Here now is the third post by Platinum blog member Daniel Kohanski, based on his recently published book A God of our Invention.   This one should grab your attention!



From its beginnings, Christianity has had theological difficulties with human sexuality. In this edited excerpt from my latest book, A God of Our Invention: How Religion Shaped the Western World, I lay out what I believe are some of the reasons for this.


The first Christian commentator that we have record of, the Apostle Paul, was also the first to recommend that Christians avoid sexual activity and stay celibate. “To the unmarried and the widows I say that it is well for them to remain unmarried as I am” (1 Cor. 7:8). Still, he did accept that not all were capable of it. He advised the Corinthians that if a man “thinks that he is not behaving properly toward his fiancée, if his passions are strong, and so it has to be, let him marry as he wishes; it is no sin” (1 Cor. 7:36). He even acknowledged that some of “the other apostles and the brothers of the Lord and [Peter]” were married (1 Cor. 9:5).

As always when reading the New Testament, we have to keep in mind that its writers were expecting the end of the existing world and the coming of the kingdom of God to occur at any moment. This expectation could help explain why Paul, and also the gospels, were opposed to divorce, an antagonism not found in Jewish or Roman law; this was to be the last generation, and all marriages will end soon anyway. It fit their general attitude toward sex and marriage. In First Corinthians, Paul makes this explicit argument: “Yet those who marry will experience distress in this life, and I would spare you that. I mean, brothers and sisters, the appointed time grows short; from now on, let even those who have wives be as though they had none” (1 Cor. 7:28b-29). Jesus reminds his hearers that there will be no more sex once the kingdom has come: “For in the resurrection they neither marry nor are given in marriage, but are like angels in heaven” (Matt. 22:30, also Mark 12:25).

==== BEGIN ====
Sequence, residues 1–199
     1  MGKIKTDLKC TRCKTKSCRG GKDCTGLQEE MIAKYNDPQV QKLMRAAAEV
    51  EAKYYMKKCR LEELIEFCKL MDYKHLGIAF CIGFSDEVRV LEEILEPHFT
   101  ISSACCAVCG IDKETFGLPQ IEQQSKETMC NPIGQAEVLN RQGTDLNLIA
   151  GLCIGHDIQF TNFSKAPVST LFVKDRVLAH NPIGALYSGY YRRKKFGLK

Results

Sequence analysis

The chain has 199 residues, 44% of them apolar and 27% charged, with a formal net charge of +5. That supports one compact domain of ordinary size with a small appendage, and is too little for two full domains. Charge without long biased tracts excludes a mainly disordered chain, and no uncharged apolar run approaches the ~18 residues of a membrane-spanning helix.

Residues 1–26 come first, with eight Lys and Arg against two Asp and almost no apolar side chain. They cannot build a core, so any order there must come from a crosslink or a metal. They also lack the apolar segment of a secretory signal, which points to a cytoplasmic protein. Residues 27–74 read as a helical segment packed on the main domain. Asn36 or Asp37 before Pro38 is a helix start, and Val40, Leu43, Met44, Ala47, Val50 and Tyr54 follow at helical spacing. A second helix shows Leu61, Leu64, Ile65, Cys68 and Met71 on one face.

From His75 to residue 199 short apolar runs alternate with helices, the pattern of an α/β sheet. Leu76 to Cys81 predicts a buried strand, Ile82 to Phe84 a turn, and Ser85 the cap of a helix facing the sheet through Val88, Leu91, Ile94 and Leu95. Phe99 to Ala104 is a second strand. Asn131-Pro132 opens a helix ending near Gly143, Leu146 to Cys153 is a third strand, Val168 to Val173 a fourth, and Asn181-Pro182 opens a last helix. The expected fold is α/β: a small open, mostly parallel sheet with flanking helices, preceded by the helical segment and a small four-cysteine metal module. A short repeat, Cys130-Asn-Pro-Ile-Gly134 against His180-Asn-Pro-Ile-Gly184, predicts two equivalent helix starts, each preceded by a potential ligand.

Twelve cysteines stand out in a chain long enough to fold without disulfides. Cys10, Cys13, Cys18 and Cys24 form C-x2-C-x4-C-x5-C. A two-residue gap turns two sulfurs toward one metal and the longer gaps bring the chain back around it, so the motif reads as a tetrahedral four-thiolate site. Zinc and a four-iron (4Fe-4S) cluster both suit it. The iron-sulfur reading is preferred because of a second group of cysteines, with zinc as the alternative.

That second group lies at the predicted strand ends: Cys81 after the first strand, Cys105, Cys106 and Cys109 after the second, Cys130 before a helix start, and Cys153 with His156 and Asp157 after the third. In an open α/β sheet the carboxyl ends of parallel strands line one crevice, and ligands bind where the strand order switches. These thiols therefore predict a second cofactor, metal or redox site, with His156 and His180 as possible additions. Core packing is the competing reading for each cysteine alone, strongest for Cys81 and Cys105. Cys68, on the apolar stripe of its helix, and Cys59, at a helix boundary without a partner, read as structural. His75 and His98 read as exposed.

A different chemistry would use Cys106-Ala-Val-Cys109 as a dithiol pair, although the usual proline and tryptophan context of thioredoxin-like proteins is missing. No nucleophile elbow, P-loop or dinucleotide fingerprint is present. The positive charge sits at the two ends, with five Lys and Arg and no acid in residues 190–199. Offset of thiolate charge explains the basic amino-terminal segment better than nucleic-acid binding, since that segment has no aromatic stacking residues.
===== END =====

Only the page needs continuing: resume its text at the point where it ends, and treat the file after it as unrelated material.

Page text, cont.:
However, celibacy was not practical in a world that stubbornly refused to end. As the Jesus Movement morphed into Christianity, the early Church Fathers needed to construct a theology that allowed Christianity to propagate more Christians—but at the same time they couldn’t contradict texts that were even then becoming canonized. Debates over the role and proper use of sexuality occupied the Church Fathers for the next few centuries, with celibacy generally being the most favored option. Late in the second century, Clement of Alexandria advised that a man should try to conceive without desire, or any passion at all, in full control of his will (Stromata, III.7.58). Even this put him at odds with some other early Church Fathers, who believed that “only by rejecting marital intercourse and procreation could people be restored to their original, spiritual condition intended by God the Creator.”[1] The Apocalypse of Paul, a very popular tract probably written around the fourth century, assigned lifetime virgins a higher place in heaven than married couples who had kept their vows. On the other hand, those who had premarital sex were bound in hell with red-hot chains (Apocalypse of Paul, §§22, 39).[2]